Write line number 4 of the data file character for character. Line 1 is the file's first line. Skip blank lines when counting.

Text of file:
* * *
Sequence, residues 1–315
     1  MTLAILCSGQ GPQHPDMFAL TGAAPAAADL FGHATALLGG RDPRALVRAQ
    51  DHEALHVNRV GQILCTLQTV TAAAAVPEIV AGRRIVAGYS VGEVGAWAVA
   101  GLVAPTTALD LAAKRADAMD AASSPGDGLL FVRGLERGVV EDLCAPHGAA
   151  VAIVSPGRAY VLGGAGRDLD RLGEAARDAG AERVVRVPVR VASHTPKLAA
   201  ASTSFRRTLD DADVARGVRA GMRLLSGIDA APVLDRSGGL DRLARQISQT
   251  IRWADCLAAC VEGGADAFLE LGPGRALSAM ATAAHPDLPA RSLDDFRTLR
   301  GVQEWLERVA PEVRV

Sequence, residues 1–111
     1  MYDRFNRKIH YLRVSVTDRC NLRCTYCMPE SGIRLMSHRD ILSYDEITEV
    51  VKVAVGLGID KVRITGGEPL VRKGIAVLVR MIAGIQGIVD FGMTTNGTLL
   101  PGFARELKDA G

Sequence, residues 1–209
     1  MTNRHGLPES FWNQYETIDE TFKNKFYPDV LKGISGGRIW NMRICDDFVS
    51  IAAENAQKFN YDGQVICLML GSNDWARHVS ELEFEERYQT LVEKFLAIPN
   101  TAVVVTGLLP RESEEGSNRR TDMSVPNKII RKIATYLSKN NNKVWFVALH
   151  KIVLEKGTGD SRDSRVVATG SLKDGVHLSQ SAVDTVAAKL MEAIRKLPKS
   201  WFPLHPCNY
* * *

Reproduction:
   101  GLVAPTTALD LAAKRADAMD AASSPGDGLL FVRGLERGVV EDLCAPHGAA